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Thomas Runion

Thomas L. Runion (September 1846 - June 12, 1935) served as a private in Company L, 13th Tennessee Volunteer Cavalry.

Thomas L Runion.jpeg
Thomas Runion, ca. 1920.

Personal life

Thomas Runion was born in September 1846 in North Carolina.[1] He first married Nancy Jane Hornsby (1850-bef 1920) with whom he had at least eleven children.[2] He married second Elizabeth Brewster (1872-1946); they had no children.

Civil War service

Runion enlisted as a private in Company L on March 4, 1864 in Knoxville, Tennessee for a period of three years and mustered in April 11, 1864 at Knoxville.

He is described as 18 years old, 5' 5" tall, fair complexion, blue eyes, light hair, and by occupation a farmer.

Runion is listed as present for duty throughout his term of service until captured at Bull's Gap, Tennessee on September 22, 1864. He was first held at Lynchburg, Virginia and then transferred to Richmond, Virginia on October 16, 1864. He was paroled February 5, 1865 at Cox's Wharf, Virginia and transferred February 7, 1865 to C. G. Barracks in Annapolis, Maryland. From there he was sent on February 16, 1865 to Camp Chase, Ohio where he arrived on February 20, 1865. When he returned to the regiment is not recorded, although one record indicates that Runion "returned from desertion" May 10, 1865.[3]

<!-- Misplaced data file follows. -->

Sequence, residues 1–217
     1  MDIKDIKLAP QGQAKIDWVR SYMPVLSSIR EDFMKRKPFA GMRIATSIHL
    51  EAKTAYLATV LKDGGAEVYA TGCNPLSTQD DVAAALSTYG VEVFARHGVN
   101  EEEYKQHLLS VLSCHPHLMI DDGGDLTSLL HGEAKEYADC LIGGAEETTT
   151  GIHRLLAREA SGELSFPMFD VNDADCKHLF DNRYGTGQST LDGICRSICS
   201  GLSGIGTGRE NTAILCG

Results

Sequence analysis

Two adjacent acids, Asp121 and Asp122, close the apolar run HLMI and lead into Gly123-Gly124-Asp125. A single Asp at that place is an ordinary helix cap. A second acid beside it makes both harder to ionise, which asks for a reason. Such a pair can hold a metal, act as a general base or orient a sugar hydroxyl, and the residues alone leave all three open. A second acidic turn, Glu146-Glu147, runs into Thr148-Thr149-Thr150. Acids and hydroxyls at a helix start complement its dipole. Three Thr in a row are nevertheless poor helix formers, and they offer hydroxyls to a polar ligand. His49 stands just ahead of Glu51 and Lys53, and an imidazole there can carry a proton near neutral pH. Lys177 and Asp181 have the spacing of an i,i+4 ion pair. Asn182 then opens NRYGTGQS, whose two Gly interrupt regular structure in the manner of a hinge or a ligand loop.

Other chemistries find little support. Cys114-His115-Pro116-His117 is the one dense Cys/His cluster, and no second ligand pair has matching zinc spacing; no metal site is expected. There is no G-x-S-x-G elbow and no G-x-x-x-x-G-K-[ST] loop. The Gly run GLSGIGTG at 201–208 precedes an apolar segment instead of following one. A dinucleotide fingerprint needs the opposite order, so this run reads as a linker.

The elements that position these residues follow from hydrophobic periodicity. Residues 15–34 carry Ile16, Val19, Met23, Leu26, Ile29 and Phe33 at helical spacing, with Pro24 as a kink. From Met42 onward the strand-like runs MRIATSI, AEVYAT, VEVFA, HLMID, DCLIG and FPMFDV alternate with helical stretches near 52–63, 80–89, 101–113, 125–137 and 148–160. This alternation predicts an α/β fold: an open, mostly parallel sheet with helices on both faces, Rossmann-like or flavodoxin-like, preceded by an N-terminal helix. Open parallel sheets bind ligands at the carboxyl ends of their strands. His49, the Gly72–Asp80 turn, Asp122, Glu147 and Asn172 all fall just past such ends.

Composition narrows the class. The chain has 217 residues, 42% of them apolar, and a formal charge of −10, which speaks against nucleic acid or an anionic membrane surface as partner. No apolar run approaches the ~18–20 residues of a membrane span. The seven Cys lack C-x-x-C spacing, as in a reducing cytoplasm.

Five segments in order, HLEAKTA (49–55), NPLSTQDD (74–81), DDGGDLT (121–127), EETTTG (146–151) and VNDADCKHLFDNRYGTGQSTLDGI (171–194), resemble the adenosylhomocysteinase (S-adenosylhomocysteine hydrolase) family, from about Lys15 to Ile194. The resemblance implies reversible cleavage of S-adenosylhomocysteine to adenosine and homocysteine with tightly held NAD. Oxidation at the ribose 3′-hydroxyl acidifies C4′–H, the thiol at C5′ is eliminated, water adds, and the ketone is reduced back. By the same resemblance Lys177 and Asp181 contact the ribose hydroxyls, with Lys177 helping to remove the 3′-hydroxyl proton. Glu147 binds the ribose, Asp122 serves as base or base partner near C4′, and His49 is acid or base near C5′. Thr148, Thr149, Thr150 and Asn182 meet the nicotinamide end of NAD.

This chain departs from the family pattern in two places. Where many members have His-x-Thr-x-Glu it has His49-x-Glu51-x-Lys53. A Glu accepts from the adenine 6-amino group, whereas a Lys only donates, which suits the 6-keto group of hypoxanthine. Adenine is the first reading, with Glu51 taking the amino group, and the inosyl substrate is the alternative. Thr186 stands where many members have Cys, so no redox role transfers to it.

Runion mustered out with regiment on September 5, 1865 at Knoxville. He had last been paid to June 30, 1864, was owed $1.23 from the government for his clothing, had received a bounty of $25, and was owed a $275 bounty.

Post-war life

Runion applied for an invalid's pension on July 25, 1890.

He died June 12, 1935 in Clay County, Kentucky and is buried at Brown Mission Cemetery in Laurel Creek, Kentucky.

Notes

  1. His state of birth is variously given as Georgia, North Carolina, and Kentucky in the U.S. Census records, with North Carolina being the most commonly cited stated.
  2. 1900 U.S. Census, Kenton County, Kentucky.
  3. Runion perhaps took his time returning to the regiment and was listed as a deserter. No further information about this incident has been found, so it is a dubious notation.
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